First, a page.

Profitability & Break-even point

Last Updated: 28 Jan 2021
Pages: 4 Views: 65

Let us take under consideration one of our currently ongoing major bids in London, UK. In case we win, the new project will begin in 3 months. At the moment we are in the bidding phase, which means that we are in negotiations with the customer, we have a bid team travelling in and out of London to talk to the customer, to have meetings with our subsidiary in London and to work on the bid document, which will be a synergy of documents on which all team members are working at the same time. The costs for these travels for our colleagues who will keep travelling till the end of the bidding phase are as followed.

At an average price of 150,- Euros per day and per person for hotel rooms, 350,- Euros for each person’s fly-in and fly-out ticket for every week, and with a daily allowance of 20,- Euros for the 3-month bidding phase we have the following table At the end of the day, we will have spent an amount of approximately 45. 080,- Euros for the bid, and this is a risk our company is taking since the customer may choose one of our competitors, since there is a high risk that we will not get reimbursed for these expenses.

Let us now see how much it would cost us, if we decided to send only two of our team members on location (project manager and senior engineer) and the other two (senior commercial and business development manager) would do the negotiations via web conferencing. The costs are decreased to almost 50% and that is in case we decide to send two people for inspections and consulting on site. Usually, we would not need them to be there every day of the week for all 12 weeks, which means that the actual travel costs would be even less than 40% of the current costs.

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Because of its concept, the break-even point in web conferencing is low. In order to better our hourly output we would need to improve the efficiency of our X-minute meetings. These simple calculations notwithstanding, there should be sufficient minimizing of the mileage of our travels, as well as saving on other expenses (food, other means of transportation, etc. ). 5. 2 Competitive advantage In opposition to offline enterprises, we would become the leaders of a live, just-in-time market of organizations, due to the limited use of such software in the current situation of the Greek market.

Furthermore, we would enable meeting recordings for absent people and we could gather historical information for the use of the induction of new employees. Our company would be able to respond faster to opportunities or threats through the constant and immediate collaboration and consultation of our employees. They would share and exchange information on computer screens and work together to update and enhance changes in real time, no matter whether the participants are in the same building or different continent.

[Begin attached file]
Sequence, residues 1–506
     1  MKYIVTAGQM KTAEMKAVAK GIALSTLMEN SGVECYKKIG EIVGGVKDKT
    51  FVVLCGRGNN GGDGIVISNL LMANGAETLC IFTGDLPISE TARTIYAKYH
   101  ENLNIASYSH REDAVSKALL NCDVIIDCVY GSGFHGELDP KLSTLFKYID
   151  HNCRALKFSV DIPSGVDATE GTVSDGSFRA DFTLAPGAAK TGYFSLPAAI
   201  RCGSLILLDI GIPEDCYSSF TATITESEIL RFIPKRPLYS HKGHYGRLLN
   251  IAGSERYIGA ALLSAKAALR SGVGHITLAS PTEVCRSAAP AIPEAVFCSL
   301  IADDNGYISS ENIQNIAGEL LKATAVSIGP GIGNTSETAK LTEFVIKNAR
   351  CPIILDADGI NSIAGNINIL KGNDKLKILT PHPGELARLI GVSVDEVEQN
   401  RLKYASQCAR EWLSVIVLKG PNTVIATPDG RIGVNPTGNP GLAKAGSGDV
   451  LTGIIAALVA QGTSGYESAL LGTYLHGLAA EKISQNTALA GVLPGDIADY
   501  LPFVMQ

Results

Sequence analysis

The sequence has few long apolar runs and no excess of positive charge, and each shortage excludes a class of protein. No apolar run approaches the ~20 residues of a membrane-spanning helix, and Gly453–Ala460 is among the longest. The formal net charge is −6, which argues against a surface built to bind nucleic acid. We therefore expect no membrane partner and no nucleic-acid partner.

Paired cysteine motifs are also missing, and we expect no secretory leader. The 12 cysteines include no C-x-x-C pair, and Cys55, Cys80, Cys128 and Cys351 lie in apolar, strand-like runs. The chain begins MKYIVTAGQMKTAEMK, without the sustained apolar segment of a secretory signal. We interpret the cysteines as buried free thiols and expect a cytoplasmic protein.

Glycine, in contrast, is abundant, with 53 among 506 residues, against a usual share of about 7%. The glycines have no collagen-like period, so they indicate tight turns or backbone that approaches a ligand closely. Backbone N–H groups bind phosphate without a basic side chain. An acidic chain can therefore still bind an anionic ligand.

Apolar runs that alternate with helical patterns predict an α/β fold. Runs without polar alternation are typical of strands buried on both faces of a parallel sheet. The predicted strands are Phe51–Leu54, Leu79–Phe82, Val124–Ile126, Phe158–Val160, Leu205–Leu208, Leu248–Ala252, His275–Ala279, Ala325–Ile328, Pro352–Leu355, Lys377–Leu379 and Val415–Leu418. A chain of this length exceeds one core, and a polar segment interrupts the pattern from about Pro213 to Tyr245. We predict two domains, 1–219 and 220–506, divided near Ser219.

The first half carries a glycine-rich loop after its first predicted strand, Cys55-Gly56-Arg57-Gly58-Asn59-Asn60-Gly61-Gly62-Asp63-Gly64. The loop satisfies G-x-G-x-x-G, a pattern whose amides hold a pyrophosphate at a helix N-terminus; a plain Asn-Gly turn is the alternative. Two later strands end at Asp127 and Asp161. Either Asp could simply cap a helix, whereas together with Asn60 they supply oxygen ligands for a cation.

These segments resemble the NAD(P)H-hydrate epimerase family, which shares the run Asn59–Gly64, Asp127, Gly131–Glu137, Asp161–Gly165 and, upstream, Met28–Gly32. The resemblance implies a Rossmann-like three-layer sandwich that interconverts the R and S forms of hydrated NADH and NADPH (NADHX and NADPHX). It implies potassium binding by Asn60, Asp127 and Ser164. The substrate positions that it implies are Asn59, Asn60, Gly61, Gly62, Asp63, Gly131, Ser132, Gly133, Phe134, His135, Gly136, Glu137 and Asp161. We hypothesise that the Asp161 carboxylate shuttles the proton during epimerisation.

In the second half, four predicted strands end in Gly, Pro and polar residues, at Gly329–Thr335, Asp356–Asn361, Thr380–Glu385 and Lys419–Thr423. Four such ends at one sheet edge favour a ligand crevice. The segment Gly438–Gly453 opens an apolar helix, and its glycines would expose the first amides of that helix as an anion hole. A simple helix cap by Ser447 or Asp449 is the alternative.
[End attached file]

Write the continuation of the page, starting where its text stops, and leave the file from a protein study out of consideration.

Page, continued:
Finally, our ability to react faster to opportunities or threats than our competitors and our accelerated decision-making processes would make the difference in the market before our competitors can catch up with us. 6 Challenges of implementation The perspectives offered by web conferencing, if adapted and implemented efficiently, would facilitate our efforts to materialize even our most advanced visions. The real challenge remains in the implementation of this new technology. The problems of such an implementation are in fact not financial but more a question of changing choices and adapting new, innovative and better-performing practices.

In order to fully adapt such new processes, several issues should be taken under consideration. The colleagues who are responsible for implementing and organizing this change should receive full support from all company levels. Their efforts to bring a new technology in our offices would result to nothing, if there were, for example, no support from the highest level management and vice versa. Furthermore, even if the new software was properly installed and ready to be used, we should allow a testing period for the execution of a pilot project in one of our departments (e.

g. internal use in the bidding phase for London). After the completion of the test, the user’s testimonies and results should be valued in order to make any adjustments or modification required and to see what works best for us. Supposing we have completed the implementation of the new technology in our department and its advantages are tangible, it will not be long till the other departments in our organization start using it, after having witnessed its benefits; and so, the implementation will have been successful. 7 Conclusion

In this paper, I have presented the difficulties and disadvantages that arise through our everyday conference and communication processes, such as high costs, ineffective meetings and late response times. The new technology is easy to learn and use and the installation and operational costs are very low. The benefits of the implemented technology would result to very low travel costs, faster and more efficient communication within the company and with potentials or our customers. This would give us a competitive advantage in the Greek market, where most companies are still using traditional telecommunications.

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Profitability & Break-even point. (2018, Oct 24). Retrieved from

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